Reality television is the new minstrel show. This is the reality I came to Monday night as I emerged myself in the latest television travesty, Love and Hip Hop Atlanta.

Minstrel shows emerged as American entertainment in the early and mid 19th century.  This entertainment “art form,” which consisted of music, dance, comedic skits and variety acts, embodied racial hatred. Both Black and White performers would often wear blackface to portray characters who were depicted in an extremely negative light. These “Black” characters became stereotyped caricatures who portrayed Blacks as lazy, buffoonish, submissive, carefree, childlike and eager to please and entertain the Whites they interacted with.

Fast forward 200 years. Enter reality television. All too often the images of Black women on these shows are both negative and over the top. Like minstrel characters, reality television “stars” are depicted as stereotyped caricatures. They are angry, violent, oversexualized, desperate for male attention, and infatuated with fame and fortune at all costs.

 

What’s most disturbing about our modern day minstrel shows is that we sit back and watch, completely disconnected from how these images affect us. Not only are these images influencing the perception that others have of Black women, but they are also influencing the way our daughters view themselves and feel they should behave. Little Black girls everywhere are growing up thinking these behaviors are normal, to be expected even. They are idolizing and impersonating traits that will only hinder and inhibit their personal and professional development.

We could passively sit by and watch the train wreck that is reality television collided with our daughters, or we could shut up complaining and do something about. I suggest we do the latter. While there are many options, below are the three that immediately came to my mind.

Let our voices be heard. One thing that stood out in the video on minstrel shows posted above was the quote “Blacks had little power to protest their characterization.” Thankfully, this is no longer true. So if we are truly disgusted with reality television like we pretend to be, we should let people know. Contact Mona Scott Young (@MonaScottYoung), the show’s executive producer. Call, write, email, tweet, Facebook, and send smoke signals to VH1 and Viacom. Let them know that we do not appreciate the images of Black women they are promoting. If angry social media mobs can get the slavery Adidas’ pulled from the shelves, we can change television programming as well.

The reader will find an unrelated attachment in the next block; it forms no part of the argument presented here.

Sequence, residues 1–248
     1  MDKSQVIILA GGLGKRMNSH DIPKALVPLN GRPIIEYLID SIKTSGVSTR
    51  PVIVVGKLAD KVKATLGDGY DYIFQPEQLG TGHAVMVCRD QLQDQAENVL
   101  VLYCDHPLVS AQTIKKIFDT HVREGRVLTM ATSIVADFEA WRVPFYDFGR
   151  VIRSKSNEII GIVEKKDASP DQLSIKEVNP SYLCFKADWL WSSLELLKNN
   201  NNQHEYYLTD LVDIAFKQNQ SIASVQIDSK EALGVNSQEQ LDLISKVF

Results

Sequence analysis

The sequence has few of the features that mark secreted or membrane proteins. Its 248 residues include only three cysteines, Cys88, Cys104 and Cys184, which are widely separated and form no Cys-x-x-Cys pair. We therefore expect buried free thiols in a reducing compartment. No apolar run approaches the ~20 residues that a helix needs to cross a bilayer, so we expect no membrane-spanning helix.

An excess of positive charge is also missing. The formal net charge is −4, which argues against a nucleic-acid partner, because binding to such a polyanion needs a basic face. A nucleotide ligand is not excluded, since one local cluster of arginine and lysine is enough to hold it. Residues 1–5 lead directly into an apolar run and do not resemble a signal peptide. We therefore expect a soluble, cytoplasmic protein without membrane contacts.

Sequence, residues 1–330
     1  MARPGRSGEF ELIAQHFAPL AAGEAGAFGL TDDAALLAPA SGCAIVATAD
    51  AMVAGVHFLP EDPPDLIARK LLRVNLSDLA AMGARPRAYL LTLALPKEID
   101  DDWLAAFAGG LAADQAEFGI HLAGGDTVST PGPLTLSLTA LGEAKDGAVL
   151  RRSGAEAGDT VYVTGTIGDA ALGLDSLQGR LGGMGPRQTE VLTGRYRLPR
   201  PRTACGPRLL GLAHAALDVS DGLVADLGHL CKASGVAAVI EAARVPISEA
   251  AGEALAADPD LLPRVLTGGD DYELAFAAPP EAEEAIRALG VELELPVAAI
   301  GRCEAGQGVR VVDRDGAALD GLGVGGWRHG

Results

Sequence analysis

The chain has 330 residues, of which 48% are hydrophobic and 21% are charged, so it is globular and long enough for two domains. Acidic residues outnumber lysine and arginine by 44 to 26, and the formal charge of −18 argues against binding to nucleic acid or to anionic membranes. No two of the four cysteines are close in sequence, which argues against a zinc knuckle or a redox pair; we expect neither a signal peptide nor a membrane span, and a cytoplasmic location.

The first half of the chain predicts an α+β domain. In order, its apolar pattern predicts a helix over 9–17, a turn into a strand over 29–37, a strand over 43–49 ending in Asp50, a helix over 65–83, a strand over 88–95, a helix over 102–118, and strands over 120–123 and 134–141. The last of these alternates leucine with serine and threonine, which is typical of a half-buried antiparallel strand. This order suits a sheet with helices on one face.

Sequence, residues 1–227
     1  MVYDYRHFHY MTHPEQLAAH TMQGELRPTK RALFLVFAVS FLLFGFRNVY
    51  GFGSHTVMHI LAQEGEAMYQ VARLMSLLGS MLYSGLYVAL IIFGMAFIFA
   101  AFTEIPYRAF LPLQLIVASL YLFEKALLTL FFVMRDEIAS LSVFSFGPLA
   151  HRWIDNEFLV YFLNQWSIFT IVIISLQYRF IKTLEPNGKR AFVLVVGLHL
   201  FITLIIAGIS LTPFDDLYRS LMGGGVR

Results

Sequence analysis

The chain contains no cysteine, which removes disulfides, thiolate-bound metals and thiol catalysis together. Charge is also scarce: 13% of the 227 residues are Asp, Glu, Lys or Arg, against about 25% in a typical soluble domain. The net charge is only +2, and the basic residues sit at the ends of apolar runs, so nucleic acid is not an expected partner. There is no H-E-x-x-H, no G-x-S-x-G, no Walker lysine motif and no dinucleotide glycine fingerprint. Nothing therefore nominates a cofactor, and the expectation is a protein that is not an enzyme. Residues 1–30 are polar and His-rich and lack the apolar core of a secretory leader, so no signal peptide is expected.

Use the programming as a teachable moment. Let’s deal with reality. This crap is on television and folks are watching it. This isn’t going to change tomorrow. So as long as it’s airing, let’s use it as a tool to teach those who don’t get it why this behavior is inappropriate. Instead of angrily bashing what we dislike and the people who enjoy it, let’s engage in conversations about why this behavior is inappropriate and the effects it’s having on the culture. I’m all about teachable moments, and if this is approached correctly, we can actually enlighten the masses. People do better when they know better. Let’s begin teaching them better.

We must create positive media to counter the pop culture trash! I believe in being the change I want to see in the world, and with the power of technology and social media, we have the ability to counter reality television images with images that reflect our lives. Whether that means blogging, creating webisodes, writing books, etc., just do it. No, we won’t have the power of Viacom, but if we keep flooding the Internet with positive and diverse imagery of Black women, it will take root. More importantly, let’s live the images we want others to see. Our lifestyles are more important and influential than any televised image. Let’s remind others that these images are not who we, as Black women, are, and let’s explain to our children why the behavior being broadcast is not healthy, wholesome or appropriate. Let’s stop waiting on things to change and began being that change.

As bad most of these reality television shows are, I’m actually not an advocate of snatching them all off the air. I understand that this is someone’s reality, and if my story deserves to be told, so does theirs. What disturbs me is the lack of diversity in the stories being told and the volume of the negative images being shown. I hope one day this will change. I pray that in my lifetime I won’t be grossly offended by the likes of Love and Hip Hop, Basketball Wives and the Real Housewives of Atlanta because they will be in the minority of the diverse images of Black women being broadcasted in the media.